must find that the monitoring and mitigation plan is ‘desirable or
necessary to minimize adverse environmental impact.’ Based on the
evidence in this proceeding, I find – as did the hearing examiner and
DGIF – that a specific cost cap can be established, as part of a
comprehensive monitoring and mitigation plan, that adequately and
reasonably addresses the risk to birds and bats … There is sufficient
evidence, right now, for the commission to allow DGIF to allocate future
funds under the total cap based on actual results.

“Finally, the philosophical approach reflected in the majority opinion, if
extended to future applications of this nature, could put an end to the
construction of generating facilities in the commonwealth, renewable or
otherwise. That is, the provision to which I dissent could create untenable
financial uncertainty. As repeatedly explained by Highland Wind
throughout this proceeding, construction of generating facilities
obviously requires investment decisions based on analyses as to the
financial viability of the proposed project. By not establishing a definable
cost cap for mitigation and by leaving the plan wide open for future
modifications, the majority has created a situation where potential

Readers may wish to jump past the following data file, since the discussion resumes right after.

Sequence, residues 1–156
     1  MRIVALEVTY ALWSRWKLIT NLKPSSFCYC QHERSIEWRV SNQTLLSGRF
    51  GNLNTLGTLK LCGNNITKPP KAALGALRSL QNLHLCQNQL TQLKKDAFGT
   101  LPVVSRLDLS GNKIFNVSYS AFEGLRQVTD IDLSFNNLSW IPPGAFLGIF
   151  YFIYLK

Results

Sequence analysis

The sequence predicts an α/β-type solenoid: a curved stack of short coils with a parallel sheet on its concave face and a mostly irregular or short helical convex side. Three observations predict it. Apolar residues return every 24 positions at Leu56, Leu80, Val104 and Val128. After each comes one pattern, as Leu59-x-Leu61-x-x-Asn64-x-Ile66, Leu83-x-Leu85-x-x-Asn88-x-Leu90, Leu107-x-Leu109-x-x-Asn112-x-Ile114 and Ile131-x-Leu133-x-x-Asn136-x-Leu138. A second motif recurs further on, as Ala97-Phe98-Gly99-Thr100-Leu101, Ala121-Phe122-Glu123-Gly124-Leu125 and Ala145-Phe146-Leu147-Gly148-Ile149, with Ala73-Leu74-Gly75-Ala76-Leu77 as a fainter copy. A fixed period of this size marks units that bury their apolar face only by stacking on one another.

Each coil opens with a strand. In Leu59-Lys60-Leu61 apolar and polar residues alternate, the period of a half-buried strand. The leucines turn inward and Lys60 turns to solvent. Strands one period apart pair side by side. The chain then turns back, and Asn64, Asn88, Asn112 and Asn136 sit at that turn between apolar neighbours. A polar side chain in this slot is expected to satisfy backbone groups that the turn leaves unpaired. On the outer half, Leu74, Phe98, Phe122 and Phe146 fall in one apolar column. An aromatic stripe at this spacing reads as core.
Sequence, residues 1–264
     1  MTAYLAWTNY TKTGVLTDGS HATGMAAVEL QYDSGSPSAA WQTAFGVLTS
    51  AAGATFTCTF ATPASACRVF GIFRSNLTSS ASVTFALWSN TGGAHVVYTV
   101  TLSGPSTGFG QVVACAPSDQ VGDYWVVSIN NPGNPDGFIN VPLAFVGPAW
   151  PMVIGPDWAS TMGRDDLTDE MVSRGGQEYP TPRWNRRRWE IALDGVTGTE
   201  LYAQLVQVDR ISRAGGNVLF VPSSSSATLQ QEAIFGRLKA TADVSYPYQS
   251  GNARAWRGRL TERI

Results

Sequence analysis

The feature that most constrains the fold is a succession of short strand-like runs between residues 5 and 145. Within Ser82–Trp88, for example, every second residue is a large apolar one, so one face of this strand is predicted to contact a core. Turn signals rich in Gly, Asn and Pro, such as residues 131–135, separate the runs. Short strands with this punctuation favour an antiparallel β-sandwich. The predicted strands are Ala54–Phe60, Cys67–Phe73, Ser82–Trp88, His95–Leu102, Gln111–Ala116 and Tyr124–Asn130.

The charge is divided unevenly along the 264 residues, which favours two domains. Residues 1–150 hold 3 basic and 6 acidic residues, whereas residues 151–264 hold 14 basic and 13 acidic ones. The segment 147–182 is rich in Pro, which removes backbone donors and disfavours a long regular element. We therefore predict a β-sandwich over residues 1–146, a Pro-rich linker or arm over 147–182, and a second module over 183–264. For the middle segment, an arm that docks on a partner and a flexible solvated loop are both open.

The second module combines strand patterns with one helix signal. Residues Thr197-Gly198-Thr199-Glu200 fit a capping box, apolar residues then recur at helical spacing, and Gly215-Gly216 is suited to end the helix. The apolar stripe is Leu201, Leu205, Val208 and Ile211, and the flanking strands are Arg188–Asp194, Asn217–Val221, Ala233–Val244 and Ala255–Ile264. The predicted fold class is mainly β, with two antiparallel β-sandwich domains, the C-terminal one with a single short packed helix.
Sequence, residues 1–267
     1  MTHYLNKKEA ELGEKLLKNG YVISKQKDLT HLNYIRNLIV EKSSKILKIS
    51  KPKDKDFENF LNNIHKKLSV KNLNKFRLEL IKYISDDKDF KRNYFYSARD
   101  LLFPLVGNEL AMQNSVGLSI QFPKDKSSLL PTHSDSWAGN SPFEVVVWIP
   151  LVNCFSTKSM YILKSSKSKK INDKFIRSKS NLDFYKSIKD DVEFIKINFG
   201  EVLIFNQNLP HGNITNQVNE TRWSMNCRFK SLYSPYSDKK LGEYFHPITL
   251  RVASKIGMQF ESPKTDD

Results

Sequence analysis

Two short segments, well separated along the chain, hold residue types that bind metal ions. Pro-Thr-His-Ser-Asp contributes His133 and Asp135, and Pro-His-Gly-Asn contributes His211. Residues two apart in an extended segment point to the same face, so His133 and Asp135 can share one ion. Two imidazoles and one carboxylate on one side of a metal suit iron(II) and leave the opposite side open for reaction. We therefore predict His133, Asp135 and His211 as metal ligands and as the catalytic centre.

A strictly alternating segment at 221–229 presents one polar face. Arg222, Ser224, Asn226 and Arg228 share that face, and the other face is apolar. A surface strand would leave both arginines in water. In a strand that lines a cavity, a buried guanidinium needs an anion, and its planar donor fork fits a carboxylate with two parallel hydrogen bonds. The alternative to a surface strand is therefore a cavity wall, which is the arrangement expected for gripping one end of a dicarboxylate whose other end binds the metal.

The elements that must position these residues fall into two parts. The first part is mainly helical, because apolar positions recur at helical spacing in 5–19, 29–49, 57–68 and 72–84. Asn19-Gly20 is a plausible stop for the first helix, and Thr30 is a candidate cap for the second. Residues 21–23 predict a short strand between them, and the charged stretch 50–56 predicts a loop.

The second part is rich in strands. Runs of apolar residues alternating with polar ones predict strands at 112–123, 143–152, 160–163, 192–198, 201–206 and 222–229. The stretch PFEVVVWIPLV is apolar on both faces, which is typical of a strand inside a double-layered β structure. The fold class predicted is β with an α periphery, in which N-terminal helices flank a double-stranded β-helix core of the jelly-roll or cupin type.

investors simply will not know the limits to which operation of the
project may be curtailed, pursuant to Commission order, throughout its
expected life.

“With the exceptions discussed herein, I agree with the remainder of the
majority order approving Highland Wind’s application subject to the
specific requirements set forth therein,” she wrote.

Monitoring, mitigation plan

DEQ’s monitoring and mitigation plan outlined below was adopted as an
attachment to the SCC’s final order granting HNWD a permit for its wind
energy utility. The plan must be met by HNWD as a condition of the

The research suggested by the agency is to help determine the number
and species of birds and bats killed by each turbine annually, and how
they correlate with weather conditions and other factors.

DEQ recommended daily carcass searches at 10 or more randomly
selected turbines from April 1-Oct. 30 for at least the first three years of
operation. Such searches are also recommended from Nov. 15-March 31
each year to look for raptors killed.

Data on climate will be collected to look for correlations with bird or bat